Then let's also stamp the market with a 5% cap rate. I'm out here in California and that's pretty common. Some places on the East Coast and in Southwest, that's pretty common too. We'll use 5% as the market cap rate. We have a 12-unit and the rents can go from $750 to $875 so $125 bump. Let's also say that we can also cut the cost of the water utility by transferring those water cost to the tenants. We'll put in separate meters and we'll charge the tenants the cost of water.

Let's say also, we're going to be really good property managers, so operationally, we're going to be way more on top of things than we were in the past and so we're going to have a total monthly savings of about $1,000 a month which is about $12,000 a year. We get that from the water savings and just better management. A total savings of $1,000 a month or $12,000 a year. You follow me so far? So far, we have a rent bump of $125 across all 12 units and also we're implementing water utilities to the tenants and being a better manager so we're saving $1,000 a month.

Now, let's say that the price is $1.4 million, 25% of that is $350,000. That's the typical down payment on the commercial deal of 25%. So, 25% of $1.4 million is $350,000. Follow me so far? After you put down the down payment of $350,000, you're going to owe $1,050,000. It's just simple math. Remember that number. You owe a $1,050,000 after your down payment. Just remember that number. As I mentioned before, your rents can go from $750 to $875. We're going to do that across the board. We're going to do $875 a month times 12 units times 12 months. That gives me $126,000 a month. Now, we have the income of this 12-unit, the new income of this 12-unit.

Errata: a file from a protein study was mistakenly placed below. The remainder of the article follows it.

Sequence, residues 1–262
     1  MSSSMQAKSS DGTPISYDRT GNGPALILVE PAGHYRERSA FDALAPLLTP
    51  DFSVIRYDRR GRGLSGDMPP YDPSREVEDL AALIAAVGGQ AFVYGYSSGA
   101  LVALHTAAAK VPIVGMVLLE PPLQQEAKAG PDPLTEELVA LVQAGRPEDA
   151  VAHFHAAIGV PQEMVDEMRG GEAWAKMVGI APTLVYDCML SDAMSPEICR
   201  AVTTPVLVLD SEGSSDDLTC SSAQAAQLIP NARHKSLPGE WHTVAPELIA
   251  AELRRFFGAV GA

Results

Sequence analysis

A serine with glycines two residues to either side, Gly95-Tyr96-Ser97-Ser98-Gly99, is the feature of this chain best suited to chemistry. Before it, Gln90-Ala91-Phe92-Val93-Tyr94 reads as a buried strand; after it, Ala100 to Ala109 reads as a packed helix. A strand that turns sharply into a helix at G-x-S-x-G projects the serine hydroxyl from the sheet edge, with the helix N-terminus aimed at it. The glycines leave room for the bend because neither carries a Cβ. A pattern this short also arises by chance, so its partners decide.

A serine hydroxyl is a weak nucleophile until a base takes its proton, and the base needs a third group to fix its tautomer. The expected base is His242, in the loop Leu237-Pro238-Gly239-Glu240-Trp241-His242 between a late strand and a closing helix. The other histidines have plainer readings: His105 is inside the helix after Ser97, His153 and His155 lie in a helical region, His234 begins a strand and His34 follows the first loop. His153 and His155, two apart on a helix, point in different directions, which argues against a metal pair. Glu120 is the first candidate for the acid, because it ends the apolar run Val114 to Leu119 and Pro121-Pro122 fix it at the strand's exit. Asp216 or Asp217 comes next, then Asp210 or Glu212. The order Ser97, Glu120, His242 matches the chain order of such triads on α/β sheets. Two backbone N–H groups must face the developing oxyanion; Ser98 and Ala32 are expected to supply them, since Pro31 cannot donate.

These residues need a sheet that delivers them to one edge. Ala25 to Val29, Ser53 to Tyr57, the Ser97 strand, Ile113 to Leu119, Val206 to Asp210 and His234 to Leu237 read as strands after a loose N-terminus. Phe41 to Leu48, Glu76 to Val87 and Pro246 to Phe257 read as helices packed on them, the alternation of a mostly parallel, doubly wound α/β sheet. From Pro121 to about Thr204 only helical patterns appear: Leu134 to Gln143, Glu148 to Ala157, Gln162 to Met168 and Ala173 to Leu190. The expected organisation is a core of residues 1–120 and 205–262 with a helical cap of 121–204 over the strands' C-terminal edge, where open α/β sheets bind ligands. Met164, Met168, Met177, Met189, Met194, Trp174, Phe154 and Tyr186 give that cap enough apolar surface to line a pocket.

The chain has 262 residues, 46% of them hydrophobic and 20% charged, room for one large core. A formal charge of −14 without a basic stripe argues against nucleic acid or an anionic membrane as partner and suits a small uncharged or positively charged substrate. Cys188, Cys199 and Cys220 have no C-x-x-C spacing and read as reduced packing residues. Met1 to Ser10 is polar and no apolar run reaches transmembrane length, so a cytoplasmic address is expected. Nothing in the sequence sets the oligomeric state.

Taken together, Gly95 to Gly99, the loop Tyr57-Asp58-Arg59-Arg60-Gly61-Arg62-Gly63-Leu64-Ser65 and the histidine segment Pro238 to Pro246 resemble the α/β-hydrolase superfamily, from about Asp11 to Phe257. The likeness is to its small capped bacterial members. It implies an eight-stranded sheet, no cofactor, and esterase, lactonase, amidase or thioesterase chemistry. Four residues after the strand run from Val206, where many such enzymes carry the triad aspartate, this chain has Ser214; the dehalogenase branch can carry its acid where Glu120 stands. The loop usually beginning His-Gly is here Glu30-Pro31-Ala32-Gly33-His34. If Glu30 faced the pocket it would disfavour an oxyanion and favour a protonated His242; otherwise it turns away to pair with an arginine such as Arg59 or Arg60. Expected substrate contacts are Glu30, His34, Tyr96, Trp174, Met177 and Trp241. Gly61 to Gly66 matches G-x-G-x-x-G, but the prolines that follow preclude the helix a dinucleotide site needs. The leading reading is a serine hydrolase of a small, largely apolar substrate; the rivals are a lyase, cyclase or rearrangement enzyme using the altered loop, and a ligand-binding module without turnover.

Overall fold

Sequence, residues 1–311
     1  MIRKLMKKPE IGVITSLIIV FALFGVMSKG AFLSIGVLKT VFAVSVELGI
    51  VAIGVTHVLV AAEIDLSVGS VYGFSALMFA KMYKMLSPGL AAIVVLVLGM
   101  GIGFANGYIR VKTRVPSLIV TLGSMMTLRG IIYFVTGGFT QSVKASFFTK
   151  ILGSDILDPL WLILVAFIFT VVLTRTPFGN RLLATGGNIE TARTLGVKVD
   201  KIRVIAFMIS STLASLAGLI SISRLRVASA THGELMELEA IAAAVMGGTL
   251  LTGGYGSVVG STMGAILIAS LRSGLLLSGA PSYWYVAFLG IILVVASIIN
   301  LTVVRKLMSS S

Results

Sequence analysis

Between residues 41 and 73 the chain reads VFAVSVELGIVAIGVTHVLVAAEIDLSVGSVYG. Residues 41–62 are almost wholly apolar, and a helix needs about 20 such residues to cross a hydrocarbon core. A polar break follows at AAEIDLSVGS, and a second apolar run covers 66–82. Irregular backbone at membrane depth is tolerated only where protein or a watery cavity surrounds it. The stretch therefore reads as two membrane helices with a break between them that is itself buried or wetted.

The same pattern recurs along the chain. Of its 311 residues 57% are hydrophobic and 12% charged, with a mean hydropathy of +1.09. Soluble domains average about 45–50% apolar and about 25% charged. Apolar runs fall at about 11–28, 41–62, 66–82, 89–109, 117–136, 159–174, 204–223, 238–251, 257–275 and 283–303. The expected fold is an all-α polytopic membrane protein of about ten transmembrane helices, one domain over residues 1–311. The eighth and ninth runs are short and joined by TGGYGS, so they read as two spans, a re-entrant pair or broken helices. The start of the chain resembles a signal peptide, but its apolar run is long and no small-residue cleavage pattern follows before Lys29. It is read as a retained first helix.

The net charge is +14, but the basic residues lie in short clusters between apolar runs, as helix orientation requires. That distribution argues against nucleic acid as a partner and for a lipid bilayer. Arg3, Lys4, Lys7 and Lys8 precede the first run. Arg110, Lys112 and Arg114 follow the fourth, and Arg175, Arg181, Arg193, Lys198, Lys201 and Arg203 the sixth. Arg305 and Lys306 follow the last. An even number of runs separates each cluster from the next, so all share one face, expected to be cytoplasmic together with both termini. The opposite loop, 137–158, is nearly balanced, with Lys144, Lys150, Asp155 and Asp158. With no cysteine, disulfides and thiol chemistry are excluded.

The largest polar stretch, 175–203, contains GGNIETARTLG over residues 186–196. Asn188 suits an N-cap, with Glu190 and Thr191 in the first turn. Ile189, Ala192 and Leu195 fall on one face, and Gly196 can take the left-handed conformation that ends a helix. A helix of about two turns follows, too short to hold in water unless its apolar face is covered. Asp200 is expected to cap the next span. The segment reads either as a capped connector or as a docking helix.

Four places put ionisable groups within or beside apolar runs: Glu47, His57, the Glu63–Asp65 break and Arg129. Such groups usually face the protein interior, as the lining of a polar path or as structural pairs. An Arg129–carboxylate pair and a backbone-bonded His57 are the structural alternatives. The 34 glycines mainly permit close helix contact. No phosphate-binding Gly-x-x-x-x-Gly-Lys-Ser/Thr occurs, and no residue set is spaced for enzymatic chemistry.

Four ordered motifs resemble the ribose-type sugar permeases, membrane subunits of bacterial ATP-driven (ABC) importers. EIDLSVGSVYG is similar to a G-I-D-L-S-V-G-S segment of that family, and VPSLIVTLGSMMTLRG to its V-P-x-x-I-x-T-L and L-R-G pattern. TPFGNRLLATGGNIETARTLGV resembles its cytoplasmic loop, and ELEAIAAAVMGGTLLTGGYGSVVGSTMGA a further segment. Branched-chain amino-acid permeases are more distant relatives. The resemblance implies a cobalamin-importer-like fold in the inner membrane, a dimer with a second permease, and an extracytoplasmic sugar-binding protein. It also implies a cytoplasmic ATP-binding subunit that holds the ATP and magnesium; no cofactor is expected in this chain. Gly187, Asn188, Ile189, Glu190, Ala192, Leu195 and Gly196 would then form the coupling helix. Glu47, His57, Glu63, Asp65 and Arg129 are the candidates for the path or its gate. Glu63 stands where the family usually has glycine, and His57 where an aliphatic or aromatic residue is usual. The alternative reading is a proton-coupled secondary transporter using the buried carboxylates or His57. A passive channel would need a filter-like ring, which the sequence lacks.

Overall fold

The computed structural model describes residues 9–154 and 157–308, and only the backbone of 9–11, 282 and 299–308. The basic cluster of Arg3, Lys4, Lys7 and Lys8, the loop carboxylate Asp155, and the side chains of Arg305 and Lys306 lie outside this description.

Now, we're going to subtract expenses. To make a long story short, we're going to take 35% of the income as expenses. So, 35% of $126,000 is $44,000. I'm going to subtract the $44,000 from $126,000 and I come up with a net operating income of $82,000. Follow me so far? So, $126,000 in income minus $44,000 in expenses gives me a NOI, net operating income of $82,000. The net operating income or the NOI is a very important number in commercial. Hopefully, you follow me so far.

Cap Rate